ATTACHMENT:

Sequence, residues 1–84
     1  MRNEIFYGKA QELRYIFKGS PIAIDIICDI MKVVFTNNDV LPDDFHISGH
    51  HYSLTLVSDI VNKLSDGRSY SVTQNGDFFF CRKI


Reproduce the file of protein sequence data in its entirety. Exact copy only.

Sequence, residues 1–84
     1  MRNEIFYGKA QELRYIFKGS PIAIDIICDI MKVVFTNNDV LPDDFHISGH
    51  HYSLTLVSDI VNKLSDGRSY SVTQNGDFFF CRKI